In an amazing stunt for a TV programme, a rocket-powered car was launched down a ski slope. Smalley spiral retaining rings, supplied by TFC, ensured that the motor unit did not become detached from the rocket housing.
TFC recently came to the aid of a British rocket project when the company was approached by Colin Rowe from Rowe's Retainers Ltd. Colin is also one half of The Rocket Men Ltd team, who has been working with the BBC Top Gear team in some wacky and (literally) high-profile projects.
As part of Top Gear's Winter Olympic Special, The Rocket Men were charged with the task of sending a Mini Cooper down the Lillehammer ski slope in Norway. The slope, previously home to world famous Olympians, is more accustomed to competitors who are lighter on their feet. When the team of rocket designers set about making the propulsion units to send the car on its way, they encountered a problem and needed some Smalley spiral retaining rings to stop the motor unit from detaching from the rocket housing.
The spiral retaining rings used in the Mini were scaled-up versions of the ones used in model rocketry. The motor retainers from Rowe's Retainers need to be light and strong; using TFC spiral retaining rings allows the operator to insert and remove the motor in the field with only a screwdriver.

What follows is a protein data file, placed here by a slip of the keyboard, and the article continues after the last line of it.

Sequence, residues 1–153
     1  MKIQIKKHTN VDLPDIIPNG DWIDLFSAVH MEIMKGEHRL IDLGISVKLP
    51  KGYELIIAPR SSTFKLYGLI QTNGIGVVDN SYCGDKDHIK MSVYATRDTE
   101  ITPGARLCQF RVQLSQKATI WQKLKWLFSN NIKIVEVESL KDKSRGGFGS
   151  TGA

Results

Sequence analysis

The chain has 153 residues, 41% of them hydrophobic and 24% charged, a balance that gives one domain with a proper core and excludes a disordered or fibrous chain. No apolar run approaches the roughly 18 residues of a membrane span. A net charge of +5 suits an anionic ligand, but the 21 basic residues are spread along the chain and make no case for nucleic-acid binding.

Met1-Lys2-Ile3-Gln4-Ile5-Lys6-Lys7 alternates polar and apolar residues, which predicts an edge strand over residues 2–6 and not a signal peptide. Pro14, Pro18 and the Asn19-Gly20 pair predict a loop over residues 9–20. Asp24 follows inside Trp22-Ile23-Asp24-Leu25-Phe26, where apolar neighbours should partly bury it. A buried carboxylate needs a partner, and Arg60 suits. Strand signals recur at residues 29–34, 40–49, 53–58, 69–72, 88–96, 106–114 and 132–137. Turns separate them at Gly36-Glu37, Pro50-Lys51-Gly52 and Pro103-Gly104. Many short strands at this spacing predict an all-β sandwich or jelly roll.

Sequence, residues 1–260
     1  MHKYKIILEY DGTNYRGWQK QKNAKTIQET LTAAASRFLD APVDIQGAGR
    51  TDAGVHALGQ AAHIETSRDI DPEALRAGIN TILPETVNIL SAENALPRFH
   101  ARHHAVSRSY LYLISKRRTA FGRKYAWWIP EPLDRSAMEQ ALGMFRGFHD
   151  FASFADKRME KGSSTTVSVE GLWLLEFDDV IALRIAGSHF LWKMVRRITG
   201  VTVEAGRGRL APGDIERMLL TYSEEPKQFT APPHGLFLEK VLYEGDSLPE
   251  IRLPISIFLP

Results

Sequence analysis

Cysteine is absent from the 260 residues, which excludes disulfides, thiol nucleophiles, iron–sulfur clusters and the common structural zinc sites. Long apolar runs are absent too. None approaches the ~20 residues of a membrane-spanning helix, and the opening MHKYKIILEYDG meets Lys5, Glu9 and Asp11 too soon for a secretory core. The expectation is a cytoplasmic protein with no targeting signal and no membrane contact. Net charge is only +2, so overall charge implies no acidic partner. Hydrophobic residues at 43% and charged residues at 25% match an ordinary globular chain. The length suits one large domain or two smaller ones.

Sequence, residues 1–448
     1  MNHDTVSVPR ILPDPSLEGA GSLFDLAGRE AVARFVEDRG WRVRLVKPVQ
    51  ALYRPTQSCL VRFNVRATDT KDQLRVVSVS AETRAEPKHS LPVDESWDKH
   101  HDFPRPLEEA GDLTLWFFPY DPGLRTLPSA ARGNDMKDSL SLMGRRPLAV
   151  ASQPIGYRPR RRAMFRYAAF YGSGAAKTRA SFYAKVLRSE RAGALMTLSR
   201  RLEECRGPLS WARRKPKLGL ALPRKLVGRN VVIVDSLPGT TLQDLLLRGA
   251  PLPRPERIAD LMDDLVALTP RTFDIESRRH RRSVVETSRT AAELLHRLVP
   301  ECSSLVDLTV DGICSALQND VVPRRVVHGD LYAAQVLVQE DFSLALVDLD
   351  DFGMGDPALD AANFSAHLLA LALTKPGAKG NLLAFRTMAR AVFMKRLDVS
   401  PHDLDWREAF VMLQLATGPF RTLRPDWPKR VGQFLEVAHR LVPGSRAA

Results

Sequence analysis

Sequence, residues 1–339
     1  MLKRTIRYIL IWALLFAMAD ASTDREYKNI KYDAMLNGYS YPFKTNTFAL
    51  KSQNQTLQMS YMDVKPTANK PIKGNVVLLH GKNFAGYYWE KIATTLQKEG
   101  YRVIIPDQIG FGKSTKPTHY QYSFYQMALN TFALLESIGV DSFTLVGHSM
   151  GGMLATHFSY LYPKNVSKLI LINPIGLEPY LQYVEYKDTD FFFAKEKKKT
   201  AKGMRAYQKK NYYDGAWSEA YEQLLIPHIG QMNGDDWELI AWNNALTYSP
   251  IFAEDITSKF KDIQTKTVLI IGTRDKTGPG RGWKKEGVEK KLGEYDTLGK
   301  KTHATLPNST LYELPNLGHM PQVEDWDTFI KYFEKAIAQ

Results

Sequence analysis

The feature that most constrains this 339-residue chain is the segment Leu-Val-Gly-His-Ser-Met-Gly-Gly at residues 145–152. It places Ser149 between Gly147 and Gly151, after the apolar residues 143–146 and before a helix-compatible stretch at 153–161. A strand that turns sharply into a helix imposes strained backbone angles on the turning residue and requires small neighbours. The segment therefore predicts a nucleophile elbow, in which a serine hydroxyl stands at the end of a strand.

Colin Rowe explains the vital role the Smalley spiral retaining ring played on the Top Gear project: "Speed, mass and deceleration are three pivotal components that have to be controlled in any rocket-powered launch. If the motor became disengaged because of a faulty spiral retaining ring, suddenly with one part of the equation missing we would have a potential disaster. Three Contrail Hybrid motors (using nitrous oxide and rubber) were used to propel nearly 3000lbs of metal through the air, so we needed to be sure that the components we used were 100 per cent safe. TFC provided part of a complex jigsaw that did not let us down."
As the rockets blasted the car down the slope the whole of Lillehammer and millions of BBC viewers watched in awe. The car skied like a pro, proving at last that the British are capable of producing a successful ski jumper. According to TFC, it was a display that would have had Eddie the Eagle dumbstruck with admiration.
In another recent Top Gear stunt, The Rocket Men launched a Reliant Robin using the same type of motors; once again, similar techniques were used to retain the motors.
Colin adds: "Smalley spiral retaining rings make life so much easier for us. They are a product that I can see us using more and more."